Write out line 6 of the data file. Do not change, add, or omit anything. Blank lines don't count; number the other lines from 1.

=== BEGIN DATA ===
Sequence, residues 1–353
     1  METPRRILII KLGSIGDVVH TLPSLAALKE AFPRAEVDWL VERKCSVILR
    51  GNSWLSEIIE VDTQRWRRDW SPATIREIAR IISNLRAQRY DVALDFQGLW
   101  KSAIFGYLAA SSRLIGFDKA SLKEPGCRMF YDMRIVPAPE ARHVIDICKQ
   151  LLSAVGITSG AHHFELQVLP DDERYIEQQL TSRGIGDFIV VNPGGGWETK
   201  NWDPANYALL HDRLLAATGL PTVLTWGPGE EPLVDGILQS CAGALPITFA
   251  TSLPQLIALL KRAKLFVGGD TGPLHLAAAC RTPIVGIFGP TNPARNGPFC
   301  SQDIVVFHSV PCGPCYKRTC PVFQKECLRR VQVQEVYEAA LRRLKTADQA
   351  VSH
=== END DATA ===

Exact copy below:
   201  NWDPANYALL HDRLLAATGL PTVLTWGPGE EPLVDGILQS CAGALPITFA